Q:

How do you define "mRNA"?

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Quick Answer

Messenger RNA, referred to as mRNA, is a ribonucleic acid that provides a blueprint for the construction of proteins. It carries codes from the deoxyribonucleic acid, or DNA, in the nucleus to the protein synthesis sites in the cytoplasm.

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Full Answer

It is not possible to directly decode the information for synthesizing proteins present in the DNA. RNA polymerase helps transcribe the pattern on a strand of RNA, producing mRNA. Each mRNA molecule encodes the pattern of one protein. In the case of bacteria, mRNA encodes the information for more than one protein. There are regions on mRNA that are not a part of the protein pattern. These are known as introns. Before the release of mRNA from the cell nucleus, excision of introns takes place, leaving only the segments known as exons. Then, transfer RNA, or tRNA, helps in the construction of the protein by reading the pattern for protein synthesis and translating it into the language of amino acids.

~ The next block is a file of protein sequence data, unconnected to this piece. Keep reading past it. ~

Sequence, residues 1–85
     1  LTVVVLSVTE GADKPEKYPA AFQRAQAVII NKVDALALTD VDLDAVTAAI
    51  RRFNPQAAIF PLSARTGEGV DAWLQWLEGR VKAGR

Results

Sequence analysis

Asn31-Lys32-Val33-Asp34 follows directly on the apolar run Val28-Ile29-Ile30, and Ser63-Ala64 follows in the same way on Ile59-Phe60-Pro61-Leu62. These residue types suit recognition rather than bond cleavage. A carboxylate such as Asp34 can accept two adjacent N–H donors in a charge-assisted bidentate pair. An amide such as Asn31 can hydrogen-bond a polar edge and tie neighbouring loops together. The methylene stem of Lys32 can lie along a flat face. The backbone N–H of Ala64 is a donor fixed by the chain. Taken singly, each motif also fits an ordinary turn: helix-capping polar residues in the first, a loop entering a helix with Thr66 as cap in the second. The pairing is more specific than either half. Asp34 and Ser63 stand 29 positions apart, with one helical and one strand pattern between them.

In prokaryotes, organisms without distinct nuclei, mRNA carries the exact copy of the original DNA sequence. More elaborate mRNA molecules are present in eukaryotes, organisms with clearly defined nuclei. Generally, the prokaryotic mRNA degrades rapidly, whereas the stability of eukaryotic mRNA is enhanced.

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